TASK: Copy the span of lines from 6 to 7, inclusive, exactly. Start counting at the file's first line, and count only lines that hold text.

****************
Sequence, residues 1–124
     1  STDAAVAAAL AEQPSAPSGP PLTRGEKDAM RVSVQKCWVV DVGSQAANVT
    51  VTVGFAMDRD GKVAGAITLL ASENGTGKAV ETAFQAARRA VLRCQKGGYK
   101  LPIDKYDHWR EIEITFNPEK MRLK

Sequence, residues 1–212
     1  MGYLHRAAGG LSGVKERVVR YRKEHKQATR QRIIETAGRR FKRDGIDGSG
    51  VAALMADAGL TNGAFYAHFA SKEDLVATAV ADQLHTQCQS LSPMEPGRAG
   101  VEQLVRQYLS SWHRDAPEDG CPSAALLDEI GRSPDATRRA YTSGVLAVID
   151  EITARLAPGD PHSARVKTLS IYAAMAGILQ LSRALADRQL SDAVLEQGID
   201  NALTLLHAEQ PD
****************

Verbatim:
     1  MGYLHRAAGG LSGVKERVVR YRKEHKQATR QRIIETAGRR FKRDGIDGSG
    51  VAALMADAGL TNGAFYAHFA SKEDLVATAV ADQLHTQCQS LSPMEPGRAG